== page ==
If you’re not out on the corner of Colorado and Eagle Rock Boulevard every weekend with our nearly 90-year-old friend, Flo Griffen, waving your “Out Now” sign — and I’m not there either, so I have no finger to point — or haranguing your congressman to stop these senseless wars and stop them now, then maybe you have to stand next to Sgt. Bales, too.

Sure, what Bales did was aberrant and it was horrific, but it was also the kind of thing that grows out of the ugliness of war. Civilians get killed, maybe not always murdered in their sleep in bunches, but they have gotten caught in the crossfire of every war since the first caveman picked up a stone in anger. Ask my Dad, who fought in World War II. Ask me, who fought in Vietnam. Ask any in-the-mud combat veteran.

On liberalized gun laws and encouraging vigilantism, presidential candidate Rick Santorum recently blubbered that the “Stand Your Ground” laws in vogue around the country weren’t intended to cover George Zimmerman’s actions. Fool. You pass laws encouraging people to arm themselves and not just sane, well-adjusted people who will take pains to train themselves in proper gun use will hear you. No, some of the listeners will be compensating for inadequacies, as it seems Zimmerman was doing, and some will be just plain nuts, as was Jared Lee Loughner, the schizophrenic who shot Congresswoman Gabby Giffords in the head, killing six and wounding 14.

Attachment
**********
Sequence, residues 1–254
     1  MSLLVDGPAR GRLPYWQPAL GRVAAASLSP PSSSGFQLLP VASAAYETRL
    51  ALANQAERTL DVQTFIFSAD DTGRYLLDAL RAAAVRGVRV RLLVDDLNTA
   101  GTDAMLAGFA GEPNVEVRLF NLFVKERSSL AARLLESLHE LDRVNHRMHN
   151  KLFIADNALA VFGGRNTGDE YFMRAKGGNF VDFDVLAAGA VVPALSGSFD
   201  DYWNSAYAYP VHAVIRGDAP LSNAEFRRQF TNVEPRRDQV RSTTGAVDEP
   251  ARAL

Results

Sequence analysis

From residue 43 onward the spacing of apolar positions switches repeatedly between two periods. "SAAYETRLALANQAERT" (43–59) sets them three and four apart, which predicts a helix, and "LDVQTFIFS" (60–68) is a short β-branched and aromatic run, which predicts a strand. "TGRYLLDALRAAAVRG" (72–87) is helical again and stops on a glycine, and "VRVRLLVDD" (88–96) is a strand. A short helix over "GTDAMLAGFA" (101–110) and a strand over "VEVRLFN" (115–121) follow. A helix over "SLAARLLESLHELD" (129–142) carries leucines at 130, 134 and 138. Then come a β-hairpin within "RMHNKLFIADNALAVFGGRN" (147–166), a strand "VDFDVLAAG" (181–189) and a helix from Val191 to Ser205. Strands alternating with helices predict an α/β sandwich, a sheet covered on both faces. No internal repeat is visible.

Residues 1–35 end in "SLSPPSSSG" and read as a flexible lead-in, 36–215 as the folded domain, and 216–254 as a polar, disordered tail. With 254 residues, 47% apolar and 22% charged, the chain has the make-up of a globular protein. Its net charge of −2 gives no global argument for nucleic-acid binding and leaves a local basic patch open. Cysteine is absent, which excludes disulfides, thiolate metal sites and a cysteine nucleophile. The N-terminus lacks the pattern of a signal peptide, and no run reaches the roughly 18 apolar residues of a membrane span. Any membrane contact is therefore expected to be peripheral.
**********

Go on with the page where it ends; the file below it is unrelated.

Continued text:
On Trayvon’s murder, besides the gun issue, thousands and now tens of thousands are demonstrating in the streets not because one young black man was killed, tragic as that was. No, they’re protesting — and especially the black community is protesting — because Trayvon was just yet another black man who was targeted — “profiled” — because far too many of us believe that a black man, any black man, even a slightly built 17-year-old teenaged black man is  dangerous, suspicious, a threat.

dick price

Ask my step-son, a young teacher who had a couple of degrees and owned real estate before he was 30, but can’t drive through parts of his own community without being pulled over for DWB (Driving While Black). Ask my brother-in-law who jogs five miles a day in his suburban community, knowing he may be accused of running away from the scene of some crime because it has happened so often. Ask any young Black man in America.

And that won’t stop until more of us are willing to embrace our neighbors, welcoming diversity into our workplaces, our churches, our homes. That won’t stop until we stop believing racial profiling and unequal treatment is just an issue for our Black and Latino communities. That won’t stop until we stop it, all of us.

Dick Price
Editor, LA Progressive

 

Published by the LA Progressive on March 28, 2012
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About Dick Price

Dick Price is Editor of the LA Progressive. With his wife Sharon, he publishes several other print and online newsletters on political and social justice issues. He has worked in publishing as a writer, editor, and publisher for a quarter century. In earlier releases, he was a cab driver, bartender, construction worker, soldier, and farmhand, and for many years helped operate a nonprofit halfway house for homeless alcoholics and addicts. To contact him, please use the form on the Contact Us page.